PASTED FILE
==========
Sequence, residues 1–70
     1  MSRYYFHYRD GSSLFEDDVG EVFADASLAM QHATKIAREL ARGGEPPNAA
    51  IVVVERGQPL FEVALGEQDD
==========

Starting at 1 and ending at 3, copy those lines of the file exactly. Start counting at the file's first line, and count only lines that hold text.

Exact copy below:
Sequence, residues 1–70
     1  MSRYYFHYRD GSSLFEDDVG EVFADASLAM QHATKIAREL ARGGEPPNAA
    51  IVVVERGQPL FEVALGEQDD